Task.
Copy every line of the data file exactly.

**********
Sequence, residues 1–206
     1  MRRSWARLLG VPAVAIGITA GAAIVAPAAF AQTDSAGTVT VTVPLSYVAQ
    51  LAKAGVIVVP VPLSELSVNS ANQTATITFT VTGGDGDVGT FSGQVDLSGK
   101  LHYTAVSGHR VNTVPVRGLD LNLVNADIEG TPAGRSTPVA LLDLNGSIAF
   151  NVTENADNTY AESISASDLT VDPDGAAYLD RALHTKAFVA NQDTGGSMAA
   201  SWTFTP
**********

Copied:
Sequence, residues 1–206
     1  MRRSWARLLG VPAVAIGITA GAAIVAPAAF AQTDSAGTVT VTVPLSYVAQ
    51  LAKAGVIVVP VPLSELSVNS ANQTATITFT VTGGDGDVGT FSGQVDLSGK
   101  LHYTAVSGHR VNTVPVRGLD LNLVNADIEG TPAGRSTPVA LLDLNGSIAF
   151  NVTENADNTY AESISASDLT VDPDGAAYLD RALHTKAFVA NQDTGGSMAA
   201  SWTFTP